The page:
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Portugal selects multi-billion post-coronavirus hydrogen projects

Portugal’s government has selected more than 30 multi-billion euro hydrogen projects interested in building production units of so-called “green” energy in the country after the coronavirus pandemic.

The selection comes as Portugal prepares an application to Europe’s Important Project of Common European Interest (IPCEI) scheme for hydrogen, part of a strategy to speed up renewable hydrogen projects in polluting sectors.

In April, Environment Minister Joao Matos Fernandes told Reuters Portugal wanted a greener post-coronavirus future, aiming to build a solar-powered hydrogen unit near the port of Sines, which would start in a year and could attract up to 5 billion euros of private investment.

However, a group of economists and energy experts signed a manifesto last week against the government’s hydrogen strategy, warning it would cost double or triple more than to produce energy using natural gas.

In a statement late on Monday, the environment ministry said the government received 74 expressions of interest but only 37 projects, representing a total investment of around nine billion euros, passed to the next phase. More information will be required after this phase, and then the final round of projects that will be part of the application will be announced.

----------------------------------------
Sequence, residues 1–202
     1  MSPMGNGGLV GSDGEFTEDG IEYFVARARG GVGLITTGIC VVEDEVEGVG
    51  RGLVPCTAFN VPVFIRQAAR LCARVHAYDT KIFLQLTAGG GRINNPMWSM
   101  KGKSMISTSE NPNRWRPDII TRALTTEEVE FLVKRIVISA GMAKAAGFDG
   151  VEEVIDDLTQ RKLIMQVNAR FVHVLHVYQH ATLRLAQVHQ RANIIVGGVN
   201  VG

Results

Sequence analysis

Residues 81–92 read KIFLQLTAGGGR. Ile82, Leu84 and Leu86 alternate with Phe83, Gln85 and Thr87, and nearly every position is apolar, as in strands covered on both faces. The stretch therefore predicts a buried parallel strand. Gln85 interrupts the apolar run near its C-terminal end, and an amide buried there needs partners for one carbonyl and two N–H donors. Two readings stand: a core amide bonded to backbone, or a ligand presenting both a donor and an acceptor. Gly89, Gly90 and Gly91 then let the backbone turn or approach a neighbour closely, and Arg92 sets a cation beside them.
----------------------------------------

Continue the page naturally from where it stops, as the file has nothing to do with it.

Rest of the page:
Portugal’s utility EDP-Energias de Portugal (EDP.LS), oil group Galp (GALP.LS), holding company REN (RENE.LS) and others announced they were one of the selected consortiums.

Reporting by Sergio Goncalves, Editing by Ed Osmond

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Corrosion Control for Gas Treating Amines: Technology Leads to Increased Amine Unit Efficiency

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Accelerated basin drilling activities combined with increased fugitive gas emission capture technologies have increased trace oxygen levels in midstream natural gas. Oxygen present in concentrations even as low 30-50 ppm will cause costly corrosion-related problems in plant operations and processing equipment. One area in the plant most affected by oxygen is the amine unit. Oxygen will degrade MDEA-blended amines to corrosive amino acids and heat-stable amine salts.

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